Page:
me smile every single day and always gives me a reason to leave the house when all I want to do is hide away, I can’t and it’s all thanks to him.
It has been almost 2 and a half years since we got Jack and 7 months ago we decided to bite the bullet and get another. So we now have Gypsy who is also a Patterdale Terrier and turned 3 this year. She’s Jack’s best friend and has given him the love he needs while we are out at work.
Gypsy has the exact same reactions to my feelings that Jack has, two little support dogs that probably have no idea the positive impact they have had on my life and how grateful I am to have them. have never spent another day unable to get out of bed. I’m not saying I don’t have bad days because I do and I’m always anxious about something which I always will be, but what I have learnt is to finally manage these feelings and emotions and how to pull myself round rather than spiralling for days.
The reason these dogs, or any pet for that matter, are so key is that they all trigger the release of the chemical serotonin, the feel-good chemical, in our brains. Increased levels of serotonin every day mean that symptoms of anxiety and depression can dramatically decrease.
The kind of love that greets you at the door every day after a long day of work and just turns everything around.
A dog motivates you to get out the door for fresh air and exercise, even when it's the last thing you feel like doing. A dog brings you so much laughter and joy with their unique personalities and hilarious quirks (search "funny dog videos" and you'll know exactly what I am talking about). And lastly, a dog brings you unconditional love, the kind of love that never stops. With these three things in your life, anxiety and depression can be part of your past as it has become a part of mine.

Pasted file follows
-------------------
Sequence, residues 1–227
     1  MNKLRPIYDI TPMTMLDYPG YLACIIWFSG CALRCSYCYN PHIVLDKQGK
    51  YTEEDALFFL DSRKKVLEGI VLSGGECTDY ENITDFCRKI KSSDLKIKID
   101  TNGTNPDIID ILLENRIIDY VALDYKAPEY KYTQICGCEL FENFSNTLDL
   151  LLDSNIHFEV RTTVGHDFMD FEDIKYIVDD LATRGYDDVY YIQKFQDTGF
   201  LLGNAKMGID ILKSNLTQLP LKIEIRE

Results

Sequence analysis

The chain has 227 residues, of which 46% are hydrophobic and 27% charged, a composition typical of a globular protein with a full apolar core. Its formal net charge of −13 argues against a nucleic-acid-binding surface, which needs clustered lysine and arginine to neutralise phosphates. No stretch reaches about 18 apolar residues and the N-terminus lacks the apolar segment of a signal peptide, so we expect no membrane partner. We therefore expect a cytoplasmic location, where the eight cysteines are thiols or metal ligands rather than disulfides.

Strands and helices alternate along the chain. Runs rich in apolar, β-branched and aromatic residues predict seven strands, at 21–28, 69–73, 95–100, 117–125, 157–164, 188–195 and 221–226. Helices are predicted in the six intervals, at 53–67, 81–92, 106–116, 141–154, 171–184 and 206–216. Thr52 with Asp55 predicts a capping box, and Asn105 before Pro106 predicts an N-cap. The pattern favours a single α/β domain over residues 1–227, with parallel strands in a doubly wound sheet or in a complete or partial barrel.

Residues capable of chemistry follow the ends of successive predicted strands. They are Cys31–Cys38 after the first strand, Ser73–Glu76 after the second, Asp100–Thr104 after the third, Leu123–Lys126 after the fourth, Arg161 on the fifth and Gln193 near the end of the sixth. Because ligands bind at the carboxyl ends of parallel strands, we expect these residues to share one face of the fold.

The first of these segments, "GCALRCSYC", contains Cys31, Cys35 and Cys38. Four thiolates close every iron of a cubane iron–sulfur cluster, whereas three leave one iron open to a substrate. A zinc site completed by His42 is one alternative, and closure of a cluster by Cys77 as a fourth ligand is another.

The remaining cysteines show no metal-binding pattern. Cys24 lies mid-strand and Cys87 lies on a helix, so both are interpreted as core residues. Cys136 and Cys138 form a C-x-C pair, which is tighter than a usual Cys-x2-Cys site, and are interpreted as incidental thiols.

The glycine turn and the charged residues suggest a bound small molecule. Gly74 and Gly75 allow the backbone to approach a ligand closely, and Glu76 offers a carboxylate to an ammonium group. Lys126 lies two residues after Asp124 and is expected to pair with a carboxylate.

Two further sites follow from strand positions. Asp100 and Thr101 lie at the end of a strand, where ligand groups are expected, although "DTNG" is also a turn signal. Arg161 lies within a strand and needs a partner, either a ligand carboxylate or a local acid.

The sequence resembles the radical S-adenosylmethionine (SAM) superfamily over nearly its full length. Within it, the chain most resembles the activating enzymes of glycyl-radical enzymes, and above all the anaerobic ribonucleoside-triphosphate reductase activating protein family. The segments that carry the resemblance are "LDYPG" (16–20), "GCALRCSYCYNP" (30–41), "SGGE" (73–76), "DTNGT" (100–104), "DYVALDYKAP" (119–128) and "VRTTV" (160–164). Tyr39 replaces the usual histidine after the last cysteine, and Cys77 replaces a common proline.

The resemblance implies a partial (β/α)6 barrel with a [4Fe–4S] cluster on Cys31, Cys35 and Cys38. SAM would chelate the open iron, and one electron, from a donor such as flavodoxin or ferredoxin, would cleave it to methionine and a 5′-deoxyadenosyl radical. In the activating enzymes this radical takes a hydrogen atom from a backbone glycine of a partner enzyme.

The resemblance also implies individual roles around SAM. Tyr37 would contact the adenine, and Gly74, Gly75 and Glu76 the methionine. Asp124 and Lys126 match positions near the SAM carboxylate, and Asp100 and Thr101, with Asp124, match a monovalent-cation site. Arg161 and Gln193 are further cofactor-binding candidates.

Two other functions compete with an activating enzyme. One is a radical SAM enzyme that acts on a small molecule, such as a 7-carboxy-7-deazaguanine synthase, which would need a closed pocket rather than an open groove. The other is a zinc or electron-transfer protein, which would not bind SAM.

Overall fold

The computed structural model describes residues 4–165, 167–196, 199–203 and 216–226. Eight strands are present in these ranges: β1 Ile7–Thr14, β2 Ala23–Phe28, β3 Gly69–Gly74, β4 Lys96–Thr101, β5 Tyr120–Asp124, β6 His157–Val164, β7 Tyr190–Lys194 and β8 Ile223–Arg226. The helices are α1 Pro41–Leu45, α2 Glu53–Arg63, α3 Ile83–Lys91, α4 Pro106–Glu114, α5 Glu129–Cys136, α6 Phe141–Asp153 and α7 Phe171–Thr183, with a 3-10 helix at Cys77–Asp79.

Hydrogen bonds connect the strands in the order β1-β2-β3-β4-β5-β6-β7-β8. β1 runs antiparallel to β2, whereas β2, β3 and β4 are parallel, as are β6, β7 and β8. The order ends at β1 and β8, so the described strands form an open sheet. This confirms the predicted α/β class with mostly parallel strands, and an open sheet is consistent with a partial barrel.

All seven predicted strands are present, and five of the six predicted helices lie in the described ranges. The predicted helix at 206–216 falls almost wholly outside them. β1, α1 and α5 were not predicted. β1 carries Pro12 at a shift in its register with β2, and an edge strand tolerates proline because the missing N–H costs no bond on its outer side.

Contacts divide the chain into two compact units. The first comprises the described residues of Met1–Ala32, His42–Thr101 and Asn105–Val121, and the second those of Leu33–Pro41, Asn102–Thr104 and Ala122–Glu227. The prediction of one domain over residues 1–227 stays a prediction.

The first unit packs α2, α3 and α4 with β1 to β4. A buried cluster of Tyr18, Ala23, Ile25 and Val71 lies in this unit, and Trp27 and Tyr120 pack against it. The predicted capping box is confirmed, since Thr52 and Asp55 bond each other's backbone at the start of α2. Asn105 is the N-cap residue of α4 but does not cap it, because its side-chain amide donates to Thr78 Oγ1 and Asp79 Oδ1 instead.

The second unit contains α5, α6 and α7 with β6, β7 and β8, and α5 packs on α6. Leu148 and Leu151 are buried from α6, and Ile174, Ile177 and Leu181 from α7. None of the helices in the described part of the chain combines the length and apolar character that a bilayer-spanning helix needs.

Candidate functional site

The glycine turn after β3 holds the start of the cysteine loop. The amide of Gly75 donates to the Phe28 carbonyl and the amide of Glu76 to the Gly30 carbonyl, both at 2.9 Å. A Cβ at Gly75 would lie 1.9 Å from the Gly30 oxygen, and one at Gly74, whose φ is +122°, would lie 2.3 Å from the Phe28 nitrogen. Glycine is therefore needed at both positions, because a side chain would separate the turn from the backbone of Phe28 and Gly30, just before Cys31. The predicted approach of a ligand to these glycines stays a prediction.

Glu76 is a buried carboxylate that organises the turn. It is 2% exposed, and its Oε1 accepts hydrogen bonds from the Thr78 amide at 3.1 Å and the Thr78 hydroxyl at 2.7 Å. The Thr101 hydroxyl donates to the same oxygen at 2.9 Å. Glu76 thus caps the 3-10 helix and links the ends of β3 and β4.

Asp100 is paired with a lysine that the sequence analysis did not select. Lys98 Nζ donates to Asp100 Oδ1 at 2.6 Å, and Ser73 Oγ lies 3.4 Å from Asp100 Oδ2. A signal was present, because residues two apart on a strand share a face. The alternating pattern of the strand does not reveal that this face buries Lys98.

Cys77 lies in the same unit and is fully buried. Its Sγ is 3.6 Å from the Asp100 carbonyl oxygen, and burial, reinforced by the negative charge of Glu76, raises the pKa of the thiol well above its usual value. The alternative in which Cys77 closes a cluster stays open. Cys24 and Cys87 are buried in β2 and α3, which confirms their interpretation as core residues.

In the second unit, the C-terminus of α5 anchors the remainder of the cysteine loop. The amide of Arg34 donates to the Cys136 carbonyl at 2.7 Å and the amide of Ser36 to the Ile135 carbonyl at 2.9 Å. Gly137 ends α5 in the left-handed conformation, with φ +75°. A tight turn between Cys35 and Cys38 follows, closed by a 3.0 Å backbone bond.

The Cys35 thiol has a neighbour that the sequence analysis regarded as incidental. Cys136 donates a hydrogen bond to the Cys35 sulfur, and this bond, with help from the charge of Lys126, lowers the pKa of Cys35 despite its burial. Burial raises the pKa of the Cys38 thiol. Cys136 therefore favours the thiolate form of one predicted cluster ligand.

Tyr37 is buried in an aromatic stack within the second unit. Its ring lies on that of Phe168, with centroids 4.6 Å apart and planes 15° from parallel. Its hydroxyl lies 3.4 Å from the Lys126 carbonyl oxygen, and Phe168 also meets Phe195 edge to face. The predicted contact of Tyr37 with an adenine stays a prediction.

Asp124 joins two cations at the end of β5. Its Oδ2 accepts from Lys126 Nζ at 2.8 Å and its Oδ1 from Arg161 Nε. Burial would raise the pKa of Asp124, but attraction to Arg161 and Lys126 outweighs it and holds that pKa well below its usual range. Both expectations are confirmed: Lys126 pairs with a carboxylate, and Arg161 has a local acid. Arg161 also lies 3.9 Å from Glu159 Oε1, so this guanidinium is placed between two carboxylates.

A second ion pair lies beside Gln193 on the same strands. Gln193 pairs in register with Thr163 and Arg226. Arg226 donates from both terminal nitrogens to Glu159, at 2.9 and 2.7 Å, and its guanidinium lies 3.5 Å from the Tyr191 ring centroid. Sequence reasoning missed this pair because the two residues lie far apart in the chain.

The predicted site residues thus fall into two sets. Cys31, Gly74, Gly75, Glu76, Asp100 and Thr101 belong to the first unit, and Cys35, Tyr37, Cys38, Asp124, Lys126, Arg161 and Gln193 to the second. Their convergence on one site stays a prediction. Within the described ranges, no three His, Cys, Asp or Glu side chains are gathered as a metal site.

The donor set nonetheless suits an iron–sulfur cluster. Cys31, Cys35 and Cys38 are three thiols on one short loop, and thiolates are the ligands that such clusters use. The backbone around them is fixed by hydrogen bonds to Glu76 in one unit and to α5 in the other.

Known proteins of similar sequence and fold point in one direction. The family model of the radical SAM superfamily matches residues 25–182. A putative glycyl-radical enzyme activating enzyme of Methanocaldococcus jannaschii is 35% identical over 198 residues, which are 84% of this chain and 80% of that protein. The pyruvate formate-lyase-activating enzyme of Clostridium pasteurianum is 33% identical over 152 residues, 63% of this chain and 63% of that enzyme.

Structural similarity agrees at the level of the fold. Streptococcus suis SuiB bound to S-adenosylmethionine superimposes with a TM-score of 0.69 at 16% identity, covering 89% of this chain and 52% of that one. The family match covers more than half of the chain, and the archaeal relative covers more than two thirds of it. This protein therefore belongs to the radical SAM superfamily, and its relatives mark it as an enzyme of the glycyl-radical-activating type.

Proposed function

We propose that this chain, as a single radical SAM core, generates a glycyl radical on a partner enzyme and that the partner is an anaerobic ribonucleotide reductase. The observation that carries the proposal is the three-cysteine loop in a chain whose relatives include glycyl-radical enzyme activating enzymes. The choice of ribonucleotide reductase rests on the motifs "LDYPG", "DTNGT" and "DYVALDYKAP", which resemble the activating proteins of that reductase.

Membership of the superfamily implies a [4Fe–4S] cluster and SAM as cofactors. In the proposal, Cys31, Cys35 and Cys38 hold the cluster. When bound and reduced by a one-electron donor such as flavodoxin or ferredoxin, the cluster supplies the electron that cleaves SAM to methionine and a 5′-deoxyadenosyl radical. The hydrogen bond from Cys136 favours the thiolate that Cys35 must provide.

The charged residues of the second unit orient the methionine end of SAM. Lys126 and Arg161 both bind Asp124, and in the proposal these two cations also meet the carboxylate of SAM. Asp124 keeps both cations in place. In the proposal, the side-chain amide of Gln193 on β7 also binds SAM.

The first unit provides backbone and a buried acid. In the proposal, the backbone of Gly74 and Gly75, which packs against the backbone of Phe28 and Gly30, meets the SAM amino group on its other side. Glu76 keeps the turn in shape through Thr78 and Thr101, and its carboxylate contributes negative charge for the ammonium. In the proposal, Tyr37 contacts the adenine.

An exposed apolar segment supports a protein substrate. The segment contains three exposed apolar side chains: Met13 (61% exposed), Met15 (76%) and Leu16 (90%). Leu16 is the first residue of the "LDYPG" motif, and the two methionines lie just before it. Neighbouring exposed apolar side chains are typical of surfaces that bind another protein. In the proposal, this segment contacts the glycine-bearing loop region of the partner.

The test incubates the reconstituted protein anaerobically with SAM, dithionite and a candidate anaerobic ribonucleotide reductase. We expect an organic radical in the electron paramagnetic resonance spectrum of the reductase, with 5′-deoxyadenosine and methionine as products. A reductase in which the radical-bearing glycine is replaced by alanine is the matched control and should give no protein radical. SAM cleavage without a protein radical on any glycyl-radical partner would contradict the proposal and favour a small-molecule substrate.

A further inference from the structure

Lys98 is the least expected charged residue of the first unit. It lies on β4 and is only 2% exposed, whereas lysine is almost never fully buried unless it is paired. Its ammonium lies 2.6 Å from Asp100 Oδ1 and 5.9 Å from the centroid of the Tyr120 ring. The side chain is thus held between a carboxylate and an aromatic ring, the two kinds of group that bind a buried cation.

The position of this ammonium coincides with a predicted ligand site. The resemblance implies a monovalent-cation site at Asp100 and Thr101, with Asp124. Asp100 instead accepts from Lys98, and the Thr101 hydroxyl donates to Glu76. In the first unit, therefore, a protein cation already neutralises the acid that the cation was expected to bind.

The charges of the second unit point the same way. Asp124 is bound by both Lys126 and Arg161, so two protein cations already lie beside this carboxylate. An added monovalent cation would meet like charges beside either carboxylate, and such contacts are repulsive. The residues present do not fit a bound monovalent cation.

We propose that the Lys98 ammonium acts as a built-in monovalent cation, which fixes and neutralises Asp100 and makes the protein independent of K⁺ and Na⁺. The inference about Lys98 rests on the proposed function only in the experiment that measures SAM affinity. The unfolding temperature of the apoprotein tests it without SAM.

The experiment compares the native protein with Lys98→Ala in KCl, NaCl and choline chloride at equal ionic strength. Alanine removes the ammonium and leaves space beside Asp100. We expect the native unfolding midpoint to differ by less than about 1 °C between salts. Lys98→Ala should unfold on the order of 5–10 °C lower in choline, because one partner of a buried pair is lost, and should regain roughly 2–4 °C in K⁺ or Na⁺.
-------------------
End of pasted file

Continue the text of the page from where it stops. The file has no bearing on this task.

If you are considering getting a dog to help improve your mental health, here are some things to consider:
1. Do I have time for a dog? A dog requires a minimum of 2 hours a day of your time and attention. A puppy requires even more, around 4 hours a day. Please also consider rescuing a dog in need of a home, thousands of dogs are in need of homes in rescue shelters all over the country.
2. What breed do I want? If you want a dog that will motivate you to exercise, pick a dog breed that requires the level of exercise you want to partake in. Dog breeds range from low to very high exercise requirements. Also, dog breeds are known for different personalities, pick one that suits you. Terriers are not for everyone, I love the bones of mine but they are crazy, energetic and sometimes very naughty. I got lucky with mine being so calm and well behaved!
3. Do I have the money? While dogs do not need to be expensive, it's important to make sure that you have enough money to support their needs. This includes all of their
accessories, training tools, food, treats, and vet bills.
Getting a dog was the missing piece in my puzzle in helping me learn to manage my anxiety and depression and could be the piece that changes your life. But no matter what your missing piece may be, whether you know what it is or not, never lose hope that things will get better.
"Even the darkest night will end, and the sun will rise." - Victor Hugo, Les Misérables
FOLLOW CHLOE ON TWITTER: